Colombian Victims of Paramilitary Violence Plead for Access to U.S. Justice System

September 10, 2010 | Jennifer Janisch and Oriana Zill de Granados

Women, War & Peace producers Jennifer Janisch and Oriana Zill de Granados are investigating the U.S. drug cases against the leaders of Colombia’s paramilitary organization, many of which have disappeared from the public record in recent months. Here is a background report on the tragic toll this secrecy is taking on Colombian victims of paramilitary violence:

Bela_croppedBela Henriquez, a 26-year-old biology student from Colombia, says her father, Julio Henriquez, an environmentalist and human rights defender, had been organizing peasants in the Caribbean state of Magdalena to stop growing coca plants, the chief ingredient in cocaine, and to farm alternative legal crops.

But paramilitaries belonging to the Self-Defense Forces of Colombia (AUC) controlled coca production in this region, and on the orders of their commander, Hernan Giraldo Serna (alias “El Patron”), they kidnapped and disappeared Henriquez after a community meeting in 2001.

Giraldo Serna confessed to the crime as part of an amnesty program in Colombia called Justice and Peace. He and thousands of paramilitaries demobilized and turned themselves in to the authorities in 2006, promising to tell the truth about the murders and forced disappearances they carried out in exchange for more lenient jail sentences and other benefits.

But on May 13, 2008, in a move that shocked Colombians, President Alvaro Uribe authorized the extradition of Giraldo Serna and 13 other top paramilitary commanders to the United States to face narco-trafficking charges. The possibility that Bela would receive any justice for her father’s murder vanished overnight.

For half a century, war has raged in Colombia between leftist guerrillas fighting the state and right-wing paramilitaries that originally formed to protect landowners from the guerrillas. But paramilitaries, like the guerrillas, soon began funding their operations through the narcotics trade and systematically killing anyone they believed had leftist sympathies.

According to a report published by Colombia’s Office of Justice and Peace Promotion earlier this year, some 4,000 ex-combatants of the country’s largest paramilitary organization, the Self-Defense Forces of Colombia (AUC), have confessed to committing 30,470 murders from mid-1980 to 2003, a death toll which rivals atrocities carried out by the harshest Latin American dictatorships.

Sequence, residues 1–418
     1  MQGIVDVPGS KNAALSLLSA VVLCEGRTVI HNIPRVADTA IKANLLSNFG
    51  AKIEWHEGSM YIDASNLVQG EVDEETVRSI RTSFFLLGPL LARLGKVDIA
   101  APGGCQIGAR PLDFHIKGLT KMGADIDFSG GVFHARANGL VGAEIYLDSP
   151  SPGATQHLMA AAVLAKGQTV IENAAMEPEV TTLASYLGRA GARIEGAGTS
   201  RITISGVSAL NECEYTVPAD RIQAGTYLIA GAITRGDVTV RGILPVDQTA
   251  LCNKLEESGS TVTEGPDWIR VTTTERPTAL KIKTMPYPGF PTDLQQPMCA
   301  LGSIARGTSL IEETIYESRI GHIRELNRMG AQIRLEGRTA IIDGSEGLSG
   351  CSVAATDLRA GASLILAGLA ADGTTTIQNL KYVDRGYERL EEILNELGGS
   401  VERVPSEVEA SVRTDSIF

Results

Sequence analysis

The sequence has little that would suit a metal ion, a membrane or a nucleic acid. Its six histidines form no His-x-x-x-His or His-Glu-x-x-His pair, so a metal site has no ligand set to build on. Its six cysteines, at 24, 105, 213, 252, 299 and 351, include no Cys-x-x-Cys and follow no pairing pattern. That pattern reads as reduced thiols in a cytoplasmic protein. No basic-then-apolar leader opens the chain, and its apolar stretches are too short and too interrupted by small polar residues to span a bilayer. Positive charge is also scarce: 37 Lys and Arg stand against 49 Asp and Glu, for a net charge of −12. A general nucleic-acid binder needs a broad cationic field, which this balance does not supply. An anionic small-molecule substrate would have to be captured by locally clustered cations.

The Justice and Peace process was introduced as an attempt to stop the bloody civil war and provide reconciliation and healing. It gave paramilitaries who agreed to demobilize incentives like reduced jail sentences in exchange for information about the massacres and forced disappearances they had committed.

The government sponsored hearings where paramilitary members were supposed to confess their sins, called versiones libres. Victims and their families were permitted to be present at the sessions, and could provide prosecutors with specific questions about the circumstances surrounding their loved one’s deaths. Thousands of family members in the predominantly Catholic nation have asked to simply learn where the bodies are buried so that they can provide a proper burial.

According to Roxanna Altholz, a Colombian-American lawyer and Acting Head of University of California, Berkeley’s International Human Rights Law Clinic, the confessions were an important part of Colombia’s peace process. “In the U.S., justice looks something like long prison terms,” she says. “In Colombia, justice is truth.”

On May 13, 2008 over a dozen of the AUC's top paramilitary commanders were extradited to the United States to face drug-trafficking charges.

On May 13, 2008 over a dozen of the AUC's top paramilitary commanders were extradited to the United States to face drug-trafficking charges.

As the Justice and Peace process developed, however, questions arose as to whether the paramilitary soldiers were actually telling the whole truth about their crimes. Many also refused to give up land and money acquired during the war as reparations to the victims, a requirement of the reconciliation process. And evidence obtained from one paramilitary commander’s laptop computer proved that many of the “demobilized paramilitaries” were actually peasants recruited as stand-ins, not actual combatants.

The laptop computer, which belonged to paramilitary commander Rodrigo Tovar Pupo, alias “Jorge 40,” held other unsavory truths about the AUC’s ties with Colombia’s military and political elites. Among those proven to have connections with paramilitary commanders were President Alvaro Uribe’s closest political allies, causing an enormous scandal in Colombia, called “para-politics.”

A year and a half later, as the scandal continued to unfold, extradition requests for 14 top paramilitary leaders — including Tovar Pupo and Giraldo Serna — were approved and implemented by President Uribe. They were flown on Drug Enforcement Administration planes to the United States on May 13, 2008 to face drug trafficking charges, some for cases as many as eight years old.